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Okanagan Men's Shed sues local foundation over workshop the group had leased

Group sues foundation

A local senior men's group has sued a community foundation after they didn't renew the group's lease.

The group says they invested nearly $10,000 in upgrades to a property under the Trinity Baptist Church Legacy Foundation (TBC) with the expectation they'd be using it for years to come.

In a notice of claim filed in B.C.'s small claims court last week, the Okanagan Men's Sheds Association says they're owed $9,958.61 from TBC for materials they used to renovate a space owned by the church, that the group had been using.

The Okanagan Men's Sheds Association is a group “dedicated to helping senior men to overcome loneliness and to enhance their wellbeing.” The non-profit organization is open to men of all ages, backgrounds and abilities, to share woodworking knowledge and skills and to socialize.

The group says they met with the foundation's executive director and property manager Darcy Smith after Gordon Zeigler had donated his Mayer Road property to the church. The property is now Helen's Acres Community Farm, a 24-acre farm that grows food to donate to social agencies in the Okanagan.

“It was agreed that the north approximately 1/4 portion of the existing storage building was suitable for the use of Men's Sheds,” the claim states.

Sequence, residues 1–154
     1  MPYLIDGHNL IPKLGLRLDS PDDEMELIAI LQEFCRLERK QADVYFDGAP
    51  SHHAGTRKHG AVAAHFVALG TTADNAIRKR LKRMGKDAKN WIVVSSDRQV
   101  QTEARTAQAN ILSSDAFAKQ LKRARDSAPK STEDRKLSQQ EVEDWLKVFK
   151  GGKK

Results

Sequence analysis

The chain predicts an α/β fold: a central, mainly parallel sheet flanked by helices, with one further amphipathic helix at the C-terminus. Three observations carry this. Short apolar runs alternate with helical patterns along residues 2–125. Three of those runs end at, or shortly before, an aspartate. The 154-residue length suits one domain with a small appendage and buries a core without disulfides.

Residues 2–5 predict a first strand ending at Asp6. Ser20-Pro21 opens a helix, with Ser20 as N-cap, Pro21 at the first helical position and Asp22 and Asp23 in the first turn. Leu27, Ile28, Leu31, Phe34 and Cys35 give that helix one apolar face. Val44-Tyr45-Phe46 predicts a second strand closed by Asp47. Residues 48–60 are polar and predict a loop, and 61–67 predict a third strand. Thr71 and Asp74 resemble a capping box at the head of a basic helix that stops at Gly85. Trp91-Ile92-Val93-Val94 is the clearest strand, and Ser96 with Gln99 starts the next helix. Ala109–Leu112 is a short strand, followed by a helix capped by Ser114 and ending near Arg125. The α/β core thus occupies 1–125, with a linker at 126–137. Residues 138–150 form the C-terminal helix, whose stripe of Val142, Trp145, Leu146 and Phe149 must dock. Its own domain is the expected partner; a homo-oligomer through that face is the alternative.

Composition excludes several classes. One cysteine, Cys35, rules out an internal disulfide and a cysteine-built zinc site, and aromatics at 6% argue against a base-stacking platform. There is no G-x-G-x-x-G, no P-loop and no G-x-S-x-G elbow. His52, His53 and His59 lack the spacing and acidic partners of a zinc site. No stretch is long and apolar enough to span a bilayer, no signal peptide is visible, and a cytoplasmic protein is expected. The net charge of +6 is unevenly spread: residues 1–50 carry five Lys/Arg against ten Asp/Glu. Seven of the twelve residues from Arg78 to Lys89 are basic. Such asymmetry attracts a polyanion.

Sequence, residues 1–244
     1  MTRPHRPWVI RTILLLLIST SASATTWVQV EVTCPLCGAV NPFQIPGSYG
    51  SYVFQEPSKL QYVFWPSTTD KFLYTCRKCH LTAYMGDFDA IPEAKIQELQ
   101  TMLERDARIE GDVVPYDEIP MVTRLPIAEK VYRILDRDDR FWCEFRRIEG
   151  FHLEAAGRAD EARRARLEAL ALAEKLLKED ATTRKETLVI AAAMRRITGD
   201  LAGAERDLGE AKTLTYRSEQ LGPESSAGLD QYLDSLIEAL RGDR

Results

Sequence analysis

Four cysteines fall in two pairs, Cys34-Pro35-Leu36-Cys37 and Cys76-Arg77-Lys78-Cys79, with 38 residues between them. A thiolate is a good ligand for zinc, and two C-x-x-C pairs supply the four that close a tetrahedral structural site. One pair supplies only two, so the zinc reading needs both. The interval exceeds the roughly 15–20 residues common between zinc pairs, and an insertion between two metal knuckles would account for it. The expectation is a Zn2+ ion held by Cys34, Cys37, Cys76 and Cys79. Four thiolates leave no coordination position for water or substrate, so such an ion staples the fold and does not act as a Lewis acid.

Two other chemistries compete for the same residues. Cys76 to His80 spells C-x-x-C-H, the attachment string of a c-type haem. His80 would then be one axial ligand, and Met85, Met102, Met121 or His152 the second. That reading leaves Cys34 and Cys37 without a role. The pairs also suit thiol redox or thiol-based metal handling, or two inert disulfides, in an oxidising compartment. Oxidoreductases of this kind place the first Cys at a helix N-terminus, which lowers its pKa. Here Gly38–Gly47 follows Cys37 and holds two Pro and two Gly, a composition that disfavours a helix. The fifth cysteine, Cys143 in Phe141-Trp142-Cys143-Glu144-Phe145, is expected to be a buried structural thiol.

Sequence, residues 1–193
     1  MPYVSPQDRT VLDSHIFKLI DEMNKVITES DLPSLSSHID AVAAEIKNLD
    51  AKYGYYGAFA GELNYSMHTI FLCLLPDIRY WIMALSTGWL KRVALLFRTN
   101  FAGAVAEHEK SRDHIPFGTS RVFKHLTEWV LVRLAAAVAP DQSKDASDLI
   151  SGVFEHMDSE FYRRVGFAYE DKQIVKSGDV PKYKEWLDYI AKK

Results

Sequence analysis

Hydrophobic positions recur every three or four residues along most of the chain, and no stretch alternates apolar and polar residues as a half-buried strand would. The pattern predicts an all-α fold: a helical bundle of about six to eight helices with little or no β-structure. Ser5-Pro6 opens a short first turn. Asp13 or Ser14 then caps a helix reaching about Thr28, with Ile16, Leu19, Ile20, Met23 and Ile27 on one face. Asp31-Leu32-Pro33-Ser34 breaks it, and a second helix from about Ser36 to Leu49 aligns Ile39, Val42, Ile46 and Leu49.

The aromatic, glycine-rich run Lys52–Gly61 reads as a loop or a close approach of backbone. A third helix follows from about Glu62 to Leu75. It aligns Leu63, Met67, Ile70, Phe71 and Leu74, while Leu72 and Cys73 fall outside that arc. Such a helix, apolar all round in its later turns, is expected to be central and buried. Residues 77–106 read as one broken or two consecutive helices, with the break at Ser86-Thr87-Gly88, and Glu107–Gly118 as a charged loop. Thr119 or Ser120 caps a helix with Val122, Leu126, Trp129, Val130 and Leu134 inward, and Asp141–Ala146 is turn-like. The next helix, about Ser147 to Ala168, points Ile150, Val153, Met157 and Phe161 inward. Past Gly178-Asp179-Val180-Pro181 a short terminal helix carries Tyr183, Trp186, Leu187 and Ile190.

“Although Men's Sheds sought a long-term lease, it was agreed between Men's Sheds and Trinity [Legacy Foundation] that the term would be for 19 months, from May 2019 to December 2020 with an over-holding clause stating that the lease would continue until a new lease was signed.”

During that 19 months, the group says they made “significant improvements” to the storage building on the property to make it suitable for their needs, “based on the understanding that the relationship between the parties would be in perpetuity.”

“The contributions of Men's Sheds to the building turned it from a non-heated storage and workshop area to a renovated year-round usable woodworking workshop and office/meeting area,” the claim states, adding that $9,958.61 was spent on materials, while the labour was donated by members.

After the lease expired, the group says TBC had prepared a new lease that the group was prepared to sign. But on the day they had arranged to meet and sign the lease, the foundation told them they could no longer lease the building.

“Trinity has been unjustly enriched by its actions in refusing to lease the building to the Men's Sheds,” the group claims.

The Trinity Baptist Church Legacy Foundation has not filed a formal response to the civil claim. None of the Men's Sheds allegations has been proven in court.

*This article has been amended to reflect the fact that The claim has been filed against Kelowna Trinity Baptist Church Legacy Foundation which is a solely independent organization. Although originally founded by members of Trinity Baptist Church in 2006, the Kelowna TBC Legacy Foundation operates autonomously governed by their own Board of Directors and activities.



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